- “Biden bump” goes bust
- Viral reaction from the “financial-verse”
- Russia? Fall in line with OPEC?
- Zach Scheidt: How the Fed rate cut…
- … boosts one defensive sector
- Surprise! MSM (mostly) gets the gold story right
- Ray Blanco on “pharma’s supply chain weaknesses”
- UHNWI… Say what?
- Starbucks’ coronavirus Catch-22.
Gee, the “Biden bump” sure didn’t last long.
Let’s quickly recap the financial media’s narratives for this week’s stock market action:
- Monday: Dow leaps 1,200 points because a “relief rally” was inevitable after the previous week’s coronavirus-driven washout
- Tuesday: Dow tanks 800 points despite an emergency interest rate cut by the Federal Reserve, which revealed the level of sheer terror that coronavirus has struck inside the Fed
- Wednesday: Dow leaps 1,200 points because Joe Biden thumped Bernie Sanders on Super Tuesday, with health insurers staging the strongest rallies.
This morning, a quick glance at your editor’s iPad reveals the headline/alert writers have thrown up their hands…
What? No narrative? Fine, we’ll stick our necks out about today’s sell-off: The virus is getting way too close to home for self-centered finance types.
In the City of London, the giant international bank HSBC sent more than 100 of its staff home today after one of them tested positive.
Meanwhile, two new cases are reported in New York City — both patients in intensive care. Of the 11 other cases in New York state, all but one are linked directly to a lawyer from Westchester County who works in… Manhattan. And the authorities have no idea how he came down with it.
[Update: The statewide total of cases just jumped to 22 — 18 of them linked to the lawyer.]
The big banks, meanwhile, are already performing dry runs of employees working from home.
The Financial Times granted anonymity to a “senior executive at one large U.S. bank” who says, “You don’t want to wake up and find that the U.S. has half a million cases and someone tells you to send everybody home.”
So for market players, coronavirus is no longer something that affects “someone else.”
Ugh, it’s not just the concentration of Wall Street types, either. Given the concentration of equally self-centered media types in Manhattan, the media freakout is going to go parabolic any minute now…
As the day wears on, the Dow has trimmed its losses to a little over 600 points.
The S&P 500 is off 50 points at last check, to 3,078. The S&P spent only a bit of last Thursday, Friday and a bit of Monday below the “psychologically important” round number of 3,000 — which bodes well at least in the short term.
Crude is not falling in sympathy. In fact, at $46.61, a barrel of West Texas Intermediate is holding up remarkably well in spite of the headlines.
There’s buzz that the OPEC nations have come to terms on a production cut. That’s usually bullish for oil prices… but these days, an OPEC production cut doesn’t mean much unless Russia is also on board. And so far, it appears Russia’s not.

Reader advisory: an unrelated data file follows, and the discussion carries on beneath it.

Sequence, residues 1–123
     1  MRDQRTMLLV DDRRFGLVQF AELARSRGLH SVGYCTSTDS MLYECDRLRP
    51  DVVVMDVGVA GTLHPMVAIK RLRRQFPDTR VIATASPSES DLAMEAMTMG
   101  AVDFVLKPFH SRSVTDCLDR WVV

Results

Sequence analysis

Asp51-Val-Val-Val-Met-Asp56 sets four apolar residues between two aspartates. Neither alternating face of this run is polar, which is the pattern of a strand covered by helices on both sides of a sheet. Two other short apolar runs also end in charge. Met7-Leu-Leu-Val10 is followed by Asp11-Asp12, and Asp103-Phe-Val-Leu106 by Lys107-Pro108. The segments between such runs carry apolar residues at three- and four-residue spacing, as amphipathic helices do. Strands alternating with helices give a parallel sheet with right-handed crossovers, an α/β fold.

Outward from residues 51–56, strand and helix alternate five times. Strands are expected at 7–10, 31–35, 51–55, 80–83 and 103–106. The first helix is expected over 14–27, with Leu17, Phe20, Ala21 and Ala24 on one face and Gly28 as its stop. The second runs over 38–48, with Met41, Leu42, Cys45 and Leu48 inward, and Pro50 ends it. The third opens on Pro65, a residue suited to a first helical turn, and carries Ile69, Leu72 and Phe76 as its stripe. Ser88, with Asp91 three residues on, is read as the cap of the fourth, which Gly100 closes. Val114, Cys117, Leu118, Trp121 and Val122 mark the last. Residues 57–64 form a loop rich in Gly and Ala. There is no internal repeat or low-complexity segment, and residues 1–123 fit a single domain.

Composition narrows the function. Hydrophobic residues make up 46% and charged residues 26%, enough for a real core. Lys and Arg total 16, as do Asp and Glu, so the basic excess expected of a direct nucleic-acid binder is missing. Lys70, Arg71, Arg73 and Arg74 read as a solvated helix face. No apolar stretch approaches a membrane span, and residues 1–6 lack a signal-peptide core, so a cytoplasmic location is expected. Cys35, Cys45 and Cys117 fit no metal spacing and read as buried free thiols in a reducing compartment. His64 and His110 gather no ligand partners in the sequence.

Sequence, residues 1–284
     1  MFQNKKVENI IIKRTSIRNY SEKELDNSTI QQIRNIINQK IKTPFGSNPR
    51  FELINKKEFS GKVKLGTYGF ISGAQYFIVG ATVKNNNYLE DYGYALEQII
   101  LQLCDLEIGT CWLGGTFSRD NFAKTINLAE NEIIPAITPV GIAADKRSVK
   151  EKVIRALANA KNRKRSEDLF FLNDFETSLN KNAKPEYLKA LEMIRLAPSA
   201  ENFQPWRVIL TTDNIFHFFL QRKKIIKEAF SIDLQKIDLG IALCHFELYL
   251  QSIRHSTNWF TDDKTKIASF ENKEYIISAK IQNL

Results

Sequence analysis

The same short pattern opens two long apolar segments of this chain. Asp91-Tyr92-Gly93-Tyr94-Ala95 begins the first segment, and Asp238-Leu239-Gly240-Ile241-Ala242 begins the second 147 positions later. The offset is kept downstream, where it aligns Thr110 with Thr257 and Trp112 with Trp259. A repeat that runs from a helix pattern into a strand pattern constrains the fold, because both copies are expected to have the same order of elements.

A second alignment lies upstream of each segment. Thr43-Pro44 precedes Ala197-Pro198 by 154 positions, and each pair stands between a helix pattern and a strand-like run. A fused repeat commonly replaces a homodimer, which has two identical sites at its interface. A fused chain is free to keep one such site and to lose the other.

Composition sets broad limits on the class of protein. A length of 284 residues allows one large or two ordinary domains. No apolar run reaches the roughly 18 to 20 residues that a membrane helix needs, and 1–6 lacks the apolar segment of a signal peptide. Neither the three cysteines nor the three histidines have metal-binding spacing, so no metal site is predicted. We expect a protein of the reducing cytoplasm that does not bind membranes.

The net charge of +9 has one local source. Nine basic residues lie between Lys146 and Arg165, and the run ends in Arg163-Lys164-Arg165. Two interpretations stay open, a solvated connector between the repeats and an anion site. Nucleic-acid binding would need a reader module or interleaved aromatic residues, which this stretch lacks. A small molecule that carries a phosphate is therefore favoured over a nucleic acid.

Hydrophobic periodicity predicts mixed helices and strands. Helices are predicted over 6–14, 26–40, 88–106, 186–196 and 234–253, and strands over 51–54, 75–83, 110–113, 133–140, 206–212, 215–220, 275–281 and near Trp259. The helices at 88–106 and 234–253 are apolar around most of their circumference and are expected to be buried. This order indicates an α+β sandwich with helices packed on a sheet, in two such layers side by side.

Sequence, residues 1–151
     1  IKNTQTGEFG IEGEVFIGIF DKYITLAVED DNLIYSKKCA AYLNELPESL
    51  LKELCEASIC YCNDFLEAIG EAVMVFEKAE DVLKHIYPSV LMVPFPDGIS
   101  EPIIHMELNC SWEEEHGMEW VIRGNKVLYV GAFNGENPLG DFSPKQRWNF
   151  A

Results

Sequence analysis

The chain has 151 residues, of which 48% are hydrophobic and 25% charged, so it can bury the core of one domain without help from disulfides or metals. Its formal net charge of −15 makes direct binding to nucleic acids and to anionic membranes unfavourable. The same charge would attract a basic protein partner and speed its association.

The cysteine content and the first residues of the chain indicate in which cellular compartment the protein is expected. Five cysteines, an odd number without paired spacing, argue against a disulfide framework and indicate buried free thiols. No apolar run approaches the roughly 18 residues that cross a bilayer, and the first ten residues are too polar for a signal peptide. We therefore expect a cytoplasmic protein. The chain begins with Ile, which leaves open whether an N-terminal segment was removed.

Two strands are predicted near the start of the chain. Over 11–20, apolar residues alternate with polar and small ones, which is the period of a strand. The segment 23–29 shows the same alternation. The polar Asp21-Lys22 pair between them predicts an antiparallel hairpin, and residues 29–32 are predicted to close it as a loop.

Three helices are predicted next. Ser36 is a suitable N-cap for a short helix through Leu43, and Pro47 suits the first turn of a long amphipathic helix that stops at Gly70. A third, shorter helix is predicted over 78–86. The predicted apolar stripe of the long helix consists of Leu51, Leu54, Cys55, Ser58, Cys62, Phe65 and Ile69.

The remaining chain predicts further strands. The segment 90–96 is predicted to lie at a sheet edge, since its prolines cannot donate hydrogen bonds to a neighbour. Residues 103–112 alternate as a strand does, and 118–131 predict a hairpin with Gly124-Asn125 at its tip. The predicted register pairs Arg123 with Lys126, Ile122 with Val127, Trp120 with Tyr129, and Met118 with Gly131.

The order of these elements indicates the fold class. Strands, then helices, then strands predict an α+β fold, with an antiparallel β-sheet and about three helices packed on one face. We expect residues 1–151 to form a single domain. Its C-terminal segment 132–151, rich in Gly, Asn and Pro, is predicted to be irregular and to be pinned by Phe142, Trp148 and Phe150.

Treasury rates are touching record lows again… and ditto for mortgage rates.
With scared money seeking shelter, traders continue bidding up 10-year Treasury notes… which has the effect of pushing yields down. As we write, the 10-year yield is now approaching 0.93%.
The rate on the 10-year note is closely tied to that of a 30-year mortgage. If you’re looking to refinance (or to buy, for that matter), Freddie Mac says you can get a 30-year fixed mortgage for 3.29%.
By a hair, that eclipses the previous record low set around Thanksgiving time in 2012.
If Treasury rates continue falling… and if the gap between the 10-year T-note and the 30-year mortgage narrows (it’s historically wide right now)… mortgage rates might have further to fall.
It’s true that a Fed rate cut won’t encourage folks to go to restaurants or board an airplane amid the outbreak. But our income specialist Zach Scheidt’s comeback is: So what?
“Even though the Fed can’t directly affect the spread of the virus or actions that people and businesses take, the emergency rate will still have an effect,” he tells us.
“The Fed’s rate cut will keep mortgage rates lower (which will encourage more homeowners to refinance with a lower home payment). Lower rates will make it easier for businesses to borrow cash to get through any temporary weakness related to coronavirus.
“And lower rates will naturally drive investors to buy dividend stocks — which now pay much higher yields than you can get from bonds or traditional savings accounts.”
If you’re still feeling skittish about stocks, Zach directs your attention to the “defensive” asset class of REITs — real estate investment trusts.
“A REIT trades on the market just like any other stock,” he reminds us. “But it has some distinct advantages.
“REITs are exempt from paying corporate taxes, so profits are able to accumulate more quickly.
In exchange for this special treatment, REITs are required to pay investors the majority of their operating income through dividend-like payments called distributions.”
Zach points to two reasons why now is a perfect environment for REITs…